David Rodeback's Blog
Local Politics and Culture, National Politics,
Tuesday, August 28, 2012
If I Were in Charge of the Republican Convention
I'm not in charge of this week's convention in Tampa, but here's how it would go, if I were.
I am neither a top strategist nor a speech writer for the Mitt Romney campaign, no doubt for good reason. But here's what I'd be trying to do in this week's convention if I were -- which, again, I amn't. (I can say "amn't" legitimately; I'm one-eighth Scottish.)
Early on, I'd have Ann Romney and maybe one of the Romney sons telling a bunch of those true stories Mitt can't and won't tell about himself. These are the ones even the left-leaning, reliably anti-Romney Boston Globe had to report in their book, The Real Romney; the ones that have The Weekly Standard's Andrew Ferguson reluctantly beginning to like Romney, writing of "endless kindnesses," and moving toward this remarkable conclusion:
I understand why the Big Media Acronyms (BMA) don't want to televise Mrs. Romney's convention speech. She'll do well and is a strong, intelligent, and sympathetic figure. Worse still, there's a real risk that she'll do what I'm saying she should do. The BMA reflexively back that leftist community organizer who's so inconveniently out of his depth in his current job. But even they have to see that the incumbent has no defense against stories of a good guy quietly showering Christmas gifts on struggling families -- at his own expense, not the taxpayers' -- or shutting down the business for a few days and taking people to Manhattan to find a colleague's missing daughter (which they did). And -- forgive me if this sounds self-serving -- if the public at large ever begins to appreciate the role of a Mormon bishop or stake president (Romney was both) in working one-on-one, 20 or more hours per week, year after year, without pay and usually behind the scenes, to lift the troubled and the downtrodden, we may have to jettison the silly prejudice that Republicans (especially rich ones) are inevitably heartless and greedy.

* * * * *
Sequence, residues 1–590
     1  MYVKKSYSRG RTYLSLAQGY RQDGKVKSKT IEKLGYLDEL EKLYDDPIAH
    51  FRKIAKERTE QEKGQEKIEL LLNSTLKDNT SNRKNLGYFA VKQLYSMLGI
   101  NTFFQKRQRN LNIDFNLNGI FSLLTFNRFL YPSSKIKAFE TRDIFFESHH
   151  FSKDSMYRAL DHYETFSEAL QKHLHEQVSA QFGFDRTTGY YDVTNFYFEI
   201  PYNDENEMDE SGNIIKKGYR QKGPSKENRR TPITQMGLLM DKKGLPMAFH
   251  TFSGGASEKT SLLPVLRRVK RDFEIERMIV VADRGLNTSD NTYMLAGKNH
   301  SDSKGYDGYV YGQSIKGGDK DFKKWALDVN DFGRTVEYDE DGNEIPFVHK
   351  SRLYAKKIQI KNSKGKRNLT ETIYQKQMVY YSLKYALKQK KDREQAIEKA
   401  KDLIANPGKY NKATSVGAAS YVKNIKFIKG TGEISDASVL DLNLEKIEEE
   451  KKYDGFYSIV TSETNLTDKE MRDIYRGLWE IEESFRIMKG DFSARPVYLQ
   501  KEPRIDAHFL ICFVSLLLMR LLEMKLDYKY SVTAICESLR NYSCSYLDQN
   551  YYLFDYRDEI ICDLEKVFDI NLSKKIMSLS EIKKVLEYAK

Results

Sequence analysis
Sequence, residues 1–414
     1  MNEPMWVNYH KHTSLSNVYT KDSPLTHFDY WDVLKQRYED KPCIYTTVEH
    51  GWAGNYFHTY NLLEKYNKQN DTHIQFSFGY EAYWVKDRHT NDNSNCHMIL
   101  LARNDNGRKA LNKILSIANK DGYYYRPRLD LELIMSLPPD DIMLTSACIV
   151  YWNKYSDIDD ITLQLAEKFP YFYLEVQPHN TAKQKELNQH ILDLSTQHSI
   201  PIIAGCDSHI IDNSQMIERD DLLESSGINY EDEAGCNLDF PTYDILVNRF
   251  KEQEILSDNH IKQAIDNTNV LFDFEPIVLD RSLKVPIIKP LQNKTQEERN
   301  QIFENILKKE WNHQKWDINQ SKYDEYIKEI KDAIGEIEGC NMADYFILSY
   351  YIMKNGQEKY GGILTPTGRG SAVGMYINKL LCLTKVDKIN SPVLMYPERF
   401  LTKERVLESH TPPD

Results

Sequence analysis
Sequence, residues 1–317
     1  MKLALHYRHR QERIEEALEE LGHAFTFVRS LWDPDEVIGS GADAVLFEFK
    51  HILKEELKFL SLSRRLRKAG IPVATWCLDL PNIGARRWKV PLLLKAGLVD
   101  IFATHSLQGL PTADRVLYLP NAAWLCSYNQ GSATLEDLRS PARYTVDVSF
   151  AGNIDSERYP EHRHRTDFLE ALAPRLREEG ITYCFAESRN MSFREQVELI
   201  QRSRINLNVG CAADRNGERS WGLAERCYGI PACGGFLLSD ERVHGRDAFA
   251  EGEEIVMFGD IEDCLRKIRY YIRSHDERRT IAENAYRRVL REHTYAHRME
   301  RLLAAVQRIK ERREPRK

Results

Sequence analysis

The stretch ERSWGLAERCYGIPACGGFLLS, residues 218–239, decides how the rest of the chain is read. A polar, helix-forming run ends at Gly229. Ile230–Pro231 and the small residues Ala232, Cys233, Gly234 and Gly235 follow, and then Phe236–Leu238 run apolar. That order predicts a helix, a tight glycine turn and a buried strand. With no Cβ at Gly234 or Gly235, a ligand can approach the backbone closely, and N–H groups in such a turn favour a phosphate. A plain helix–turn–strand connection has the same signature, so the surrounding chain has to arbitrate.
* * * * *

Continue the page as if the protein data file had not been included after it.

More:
Whoever nominates or introduces Governor Romney should briefly pick up where Mrs. Romney leaves off, but, otherwise, I'd devote a lot of the other convention speeches to trying to win a majority in the US Senate and a larger majority in the House. The next big play, where the presidential race is concerned, would be Paul Ryan's.
I want Congressman Ryan doing three things. First, I want him to give a good, clear explanation of how RomneyCare isn't even remotely like ObamaCare. (For quick reference, see Mona Charen's "What Romney Needs to Say About RomneyCare.") This will help to immunize conservatives and potentially sympathetic moderates against the White House's campaign myth that ObamaCare is just RomneyCare writ large. Second, I want him to talk plainly and accurately about the fate of Medicare and other entitlements if they are unreformed, and his and Romney's proposals to reform them without killing Grandma. Third, I want his own perspective on why Romney is both a good guy and the right guy.
If Ann Romney's and Paul Ryan's speeches go well, and if they are not televised by the BMA -- maybe even if they are -- I would seriously consider spending a whole bunch of campaign money to buy prime television time to broadcast them, perhaps one speech each in late September and early October. I'd do the same with a new 25-minute Mitt Romney speech or two later in the campaign.